I am writing this to fill people in on what this year has been like for my wife Sarah and I, the legal issues are settled so I don't need to be careful about what I say. Mostly I would like people to be careful on the roads. I am as guilty as anyone else at times but I am mostly talking to drivers, to stop cutting corners and taking chances, pay attention and SLOW down. The life you save could be my own.

Monday, July 23, 2012

Camp KALA 2012

I spent the last week teaching a group of 11 teenaged students about screen printing at KALA Art Institute in Berkeley. I structured the class around a DIY principle, of giving my students the tools to screen prints on their own. They stretched their own screens, taped, coated and exposed screens, creating their own positives by hand and using the paper stencil method. The immensely talented Cody Frost came and shared his work and working method with the students. They printed large editions considering the time frame and were able to master many of the basics of printing and registering multiple color screen prints. I owe much to the hardworking KALA Interns, Hailey, Lauren and Janelle who's help was critical to making the class a success. The students' final project was a Bestiary print exchange based upon Jorge Luis Borges' Book of Imaginary Beings. Each student interpreted a passage describing a beast in their own way in a two color print utilizing a split fountain or duotone blend stroke.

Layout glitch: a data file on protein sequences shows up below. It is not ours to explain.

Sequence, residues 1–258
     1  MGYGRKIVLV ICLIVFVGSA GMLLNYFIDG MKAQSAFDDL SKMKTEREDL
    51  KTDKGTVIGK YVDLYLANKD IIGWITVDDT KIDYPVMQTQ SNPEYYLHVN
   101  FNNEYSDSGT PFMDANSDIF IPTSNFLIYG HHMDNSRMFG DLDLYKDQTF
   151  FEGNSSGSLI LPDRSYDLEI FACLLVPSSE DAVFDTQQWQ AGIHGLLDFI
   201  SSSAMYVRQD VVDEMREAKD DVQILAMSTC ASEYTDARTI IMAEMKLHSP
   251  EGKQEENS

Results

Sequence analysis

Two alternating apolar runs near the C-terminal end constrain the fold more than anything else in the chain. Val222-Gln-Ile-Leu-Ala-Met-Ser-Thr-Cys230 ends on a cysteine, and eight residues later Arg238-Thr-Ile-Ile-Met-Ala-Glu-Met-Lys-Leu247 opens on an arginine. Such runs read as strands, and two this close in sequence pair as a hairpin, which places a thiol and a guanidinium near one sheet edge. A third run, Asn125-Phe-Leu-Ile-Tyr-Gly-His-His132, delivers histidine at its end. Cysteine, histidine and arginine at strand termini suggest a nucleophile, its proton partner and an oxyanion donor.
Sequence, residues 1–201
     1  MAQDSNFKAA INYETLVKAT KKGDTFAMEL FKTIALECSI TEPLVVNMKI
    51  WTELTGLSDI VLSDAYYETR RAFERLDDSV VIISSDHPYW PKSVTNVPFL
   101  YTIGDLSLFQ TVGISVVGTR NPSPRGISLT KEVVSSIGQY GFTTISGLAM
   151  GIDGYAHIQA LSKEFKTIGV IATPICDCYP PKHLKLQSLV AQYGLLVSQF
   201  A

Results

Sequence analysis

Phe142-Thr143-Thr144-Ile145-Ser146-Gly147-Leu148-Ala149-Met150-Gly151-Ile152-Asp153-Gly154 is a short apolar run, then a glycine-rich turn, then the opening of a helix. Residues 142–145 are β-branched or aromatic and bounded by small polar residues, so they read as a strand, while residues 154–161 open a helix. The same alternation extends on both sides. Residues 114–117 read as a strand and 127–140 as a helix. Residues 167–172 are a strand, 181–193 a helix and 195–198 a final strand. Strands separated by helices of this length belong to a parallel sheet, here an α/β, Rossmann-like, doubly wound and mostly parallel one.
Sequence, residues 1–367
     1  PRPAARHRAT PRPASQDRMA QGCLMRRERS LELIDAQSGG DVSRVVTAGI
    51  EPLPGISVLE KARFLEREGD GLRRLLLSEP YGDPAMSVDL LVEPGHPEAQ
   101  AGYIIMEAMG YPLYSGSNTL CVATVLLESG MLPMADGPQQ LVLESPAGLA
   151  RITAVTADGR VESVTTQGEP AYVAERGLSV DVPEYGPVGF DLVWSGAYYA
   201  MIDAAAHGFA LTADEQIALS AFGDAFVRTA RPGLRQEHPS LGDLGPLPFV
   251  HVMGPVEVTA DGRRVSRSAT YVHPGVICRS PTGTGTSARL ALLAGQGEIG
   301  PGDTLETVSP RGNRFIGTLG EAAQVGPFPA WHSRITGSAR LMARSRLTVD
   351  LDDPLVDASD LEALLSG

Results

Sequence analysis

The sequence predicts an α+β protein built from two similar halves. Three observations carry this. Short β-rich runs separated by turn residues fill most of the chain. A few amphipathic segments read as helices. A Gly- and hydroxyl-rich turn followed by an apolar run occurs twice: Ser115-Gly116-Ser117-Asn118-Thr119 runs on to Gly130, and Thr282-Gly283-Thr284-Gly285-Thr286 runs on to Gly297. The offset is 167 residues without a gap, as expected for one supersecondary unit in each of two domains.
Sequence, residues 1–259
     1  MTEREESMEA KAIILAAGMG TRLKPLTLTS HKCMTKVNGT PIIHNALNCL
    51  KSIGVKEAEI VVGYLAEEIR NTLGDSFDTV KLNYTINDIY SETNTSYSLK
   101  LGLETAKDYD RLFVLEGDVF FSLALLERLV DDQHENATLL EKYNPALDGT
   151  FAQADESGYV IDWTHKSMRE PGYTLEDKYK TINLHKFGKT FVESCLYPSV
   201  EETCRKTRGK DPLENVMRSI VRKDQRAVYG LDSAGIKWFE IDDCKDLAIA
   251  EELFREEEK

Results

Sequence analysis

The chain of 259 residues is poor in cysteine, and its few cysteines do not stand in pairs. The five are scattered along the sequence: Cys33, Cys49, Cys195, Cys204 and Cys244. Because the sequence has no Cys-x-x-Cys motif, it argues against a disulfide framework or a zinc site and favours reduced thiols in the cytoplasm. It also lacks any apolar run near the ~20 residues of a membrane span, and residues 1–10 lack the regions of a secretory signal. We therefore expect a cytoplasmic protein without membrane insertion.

folio cover stamp and paper stencil by students
 The Eight Headed Serpent

Wednesday, March 14, 2012

Centering the Margin